Autumn In Japan (II)

Day 2: Kyoto and Nara

After a good night’s rest, we head to the Tokufuji temple which is in the outskirt of Kyoto, a train ride away. The queue outside its entrance simply reflect that this temple is a must see. The queue was long but moving forward fairly swiftly. Tourism in Japan must be making lots of money. Admission fee is 400 yen per person, you do the math!

The queue at Tokufuji

Upon entering we were on this wooden and elongated pathway, overlooking its maple tree garden. Yes, more red leaves (and bigger crowds)! The view was very pleasant though it would be better with fewer people. Nevertheless, it was still a worthwhile visit.

The maple tree garden and the crowd
The crowded observatory from afar
All of us – Fuiming, me, Sue, Kenix and Ryan
Interesting shadows

We moved on to its main building which is a wooden castle. We were only permitted to mingle and take pictures at its vicinity. It was locked and looked deserted inside. There was a little zen garden. I especially loved the wooden door textures and colour.

The Zen garden
Beautiful wooden doors

Next stop was another temple, Fushimi Inari. Kenix said the temple houses two foxes to which the Japanese prays for agricultural harvest. The fox statues were seen everywhere. However, the most eye-catching feature of this place was its numerous shrines. It was quite a sight!

The shrines at Fushimi Inari

Look what I found at the temple!

We then took a train to Nara, arriving by noon time. The main attraction in Nara is their deer park where deers roam freely and you get to feed them with biscuits and pet them. From the train station, we took a bus to the deer park. The first thing I noticed was the horns of the male deers were all cut off, which I thought was sad. Perhaps it’s for safety purposes. Well anyway, we started walking around the park feeding deers with biscuits bought there. It was after lunch and quite a number of the deers were lazing around minding their own business. Some just did not bother to eat, even if you shove the food to their mouth. Had too much to eat I guess.

This one reminded me of Bambi

We made our way to another huge temple within the park, the Todaiji temple. It was simply beautiful! Unlike the Tokufuji, this temple is still active. There’s a gigantic statue of buddha inside and many were praying. There were also few other statues beside buddha which I did not recognise.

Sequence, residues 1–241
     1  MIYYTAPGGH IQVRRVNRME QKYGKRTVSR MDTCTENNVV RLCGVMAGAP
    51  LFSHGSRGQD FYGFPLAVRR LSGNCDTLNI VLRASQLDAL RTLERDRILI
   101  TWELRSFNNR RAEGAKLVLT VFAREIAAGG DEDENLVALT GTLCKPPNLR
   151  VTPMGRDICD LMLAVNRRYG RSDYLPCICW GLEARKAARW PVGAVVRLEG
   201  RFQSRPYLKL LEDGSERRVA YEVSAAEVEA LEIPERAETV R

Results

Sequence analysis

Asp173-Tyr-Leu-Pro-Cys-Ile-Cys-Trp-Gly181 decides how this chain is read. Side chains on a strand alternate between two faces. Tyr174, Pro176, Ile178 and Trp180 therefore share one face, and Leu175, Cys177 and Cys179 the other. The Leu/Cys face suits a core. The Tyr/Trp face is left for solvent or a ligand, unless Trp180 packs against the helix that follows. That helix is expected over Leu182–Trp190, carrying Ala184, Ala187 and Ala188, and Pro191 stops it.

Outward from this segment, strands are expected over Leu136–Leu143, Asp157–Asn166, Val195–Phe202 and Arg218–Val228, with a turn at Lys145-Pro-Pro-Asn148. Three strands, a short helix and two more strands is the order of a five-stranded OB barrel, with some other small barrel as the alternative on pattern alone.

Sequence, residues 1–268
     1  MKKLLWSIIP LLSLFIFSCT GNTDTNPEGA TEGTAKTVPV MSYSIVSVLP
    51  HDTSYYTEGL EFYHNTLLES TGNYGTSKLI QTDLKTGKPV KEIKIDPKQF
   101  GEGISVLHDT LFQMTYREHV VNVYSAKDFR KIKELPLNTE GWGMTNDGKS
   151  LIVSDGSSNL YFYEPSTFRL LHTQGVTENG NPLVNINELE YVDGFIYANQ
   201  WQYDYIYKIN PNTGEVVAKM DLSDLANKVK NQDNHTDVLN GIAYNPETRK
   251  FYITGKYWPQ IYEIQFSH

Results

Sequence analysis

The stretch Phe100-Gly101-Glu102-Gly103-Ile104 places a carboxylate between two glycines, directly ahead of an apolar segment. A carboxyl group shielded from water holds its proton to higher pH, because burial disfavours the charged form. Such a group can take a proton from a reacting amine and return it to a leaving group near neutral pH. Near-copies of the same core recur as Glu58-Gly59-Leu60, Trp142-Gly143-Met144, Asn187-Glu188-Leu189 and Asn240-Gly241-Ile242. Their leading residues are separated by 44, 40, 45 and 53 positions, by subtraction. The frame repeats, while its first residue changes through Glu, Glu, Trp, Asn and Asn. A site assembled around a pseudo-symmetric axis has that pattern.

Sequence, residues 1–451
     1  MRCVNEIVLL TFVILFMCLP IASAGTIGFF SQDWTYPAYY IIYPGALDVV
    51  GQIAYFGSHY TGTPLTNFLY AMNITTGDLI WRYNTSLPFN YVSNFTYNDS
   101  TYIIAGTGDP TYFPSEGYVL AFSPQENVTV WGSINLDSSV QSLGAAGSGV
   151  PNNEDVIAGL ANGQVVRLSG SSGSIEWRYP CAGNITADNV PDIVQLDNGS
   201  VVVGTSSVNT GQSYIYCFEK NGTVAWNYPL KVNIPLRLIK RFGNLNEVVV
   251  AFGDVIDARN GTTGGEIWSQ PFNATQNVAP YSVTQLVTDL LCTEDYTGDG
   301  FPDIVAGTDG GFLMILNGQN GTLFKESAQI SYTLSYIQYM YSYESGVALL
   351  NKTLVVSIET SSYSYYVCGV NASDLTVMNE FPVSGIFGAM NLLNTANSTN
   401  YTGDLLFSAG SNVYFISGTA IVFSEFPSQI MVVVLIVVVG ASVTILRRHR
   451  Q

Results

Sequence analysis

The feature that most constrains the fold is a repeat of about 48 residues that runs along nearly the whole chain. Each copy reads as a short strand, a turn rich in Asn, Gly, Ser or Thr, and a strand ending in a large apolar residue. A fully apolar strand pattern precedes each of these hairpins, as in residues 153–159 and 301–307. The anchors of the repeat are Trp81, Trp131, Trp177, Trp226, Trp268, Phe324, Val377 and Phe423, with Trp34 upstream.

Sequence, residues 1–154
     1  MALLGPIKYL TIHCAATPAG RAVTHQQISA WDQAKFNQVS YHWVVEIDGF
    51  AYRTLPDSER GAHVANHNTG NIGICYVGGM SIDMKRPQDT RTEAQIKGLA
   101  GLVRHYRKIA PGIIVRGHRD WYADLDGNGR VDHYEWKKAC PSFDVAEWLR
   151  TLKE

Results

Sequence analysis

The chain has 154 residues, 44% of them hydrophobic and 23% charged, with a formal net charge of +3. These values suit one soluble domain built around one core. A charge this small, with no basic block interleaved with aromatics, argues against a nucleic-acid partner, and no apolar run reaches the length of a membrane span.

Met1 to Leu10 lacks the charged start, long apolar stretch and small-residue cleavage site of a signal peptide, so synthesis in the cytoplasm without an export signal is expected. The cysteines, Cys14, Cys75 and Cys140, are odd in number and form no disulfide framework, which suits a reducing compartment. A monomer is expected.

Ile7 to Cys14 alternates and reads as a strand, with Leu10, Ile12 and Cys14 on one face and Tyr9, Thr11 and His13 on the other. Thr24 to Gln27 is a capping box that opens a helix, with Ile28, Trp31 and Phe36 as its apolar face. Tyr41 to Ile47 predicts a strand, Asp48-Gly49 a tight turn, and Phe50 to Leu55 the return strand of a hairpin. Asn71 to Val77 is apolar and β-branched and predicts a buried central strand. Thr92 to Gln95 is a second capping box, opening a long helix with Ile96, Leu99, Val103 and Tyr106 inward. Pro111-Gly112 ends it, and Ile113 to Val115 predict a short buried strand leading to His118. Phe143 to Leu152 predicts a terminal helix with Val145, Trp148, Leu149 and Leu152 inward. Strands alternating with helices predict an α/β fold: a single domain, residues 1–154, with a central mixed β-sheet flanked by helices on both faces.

The magnificent Todaiji temple

Then, Kenix and I and started lining up to wait for our turn to crawl through some hole which would bring good luck. The queue was pretty long and since we paid the admission fee, might as well try out everything there is! Ryan who didn’t join us in line, went further up to take pictures and came back telling us that it’s actually for kids and we won’t be able to crawl through the hole because it’s too small! Ah well, we went up the line with him and indeed it was a very small hole, through one of the wooden pillars.

A kid crawling through

We took a bus back to Nara city centre and had dinner. There, I parted ways with everyone because it’s a working day the next day for them. I took the train back to Kyoto alone and spent another night in the same hostel as the previous night. It had been a very long day and my I could already see a few big blisters on my foot due to excessive walking for 2 days straight!

Next up: Hiroshima

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One comment on “Autumn In Japan (II)

  1. […] my visit in Japan is equally beautiful. Almost magical! I saw beautiful red leaves of Kyoto and Nara amidst magnificent castles and temples, the tragedy that is Hiroshima, the fast-paced, colourful […]

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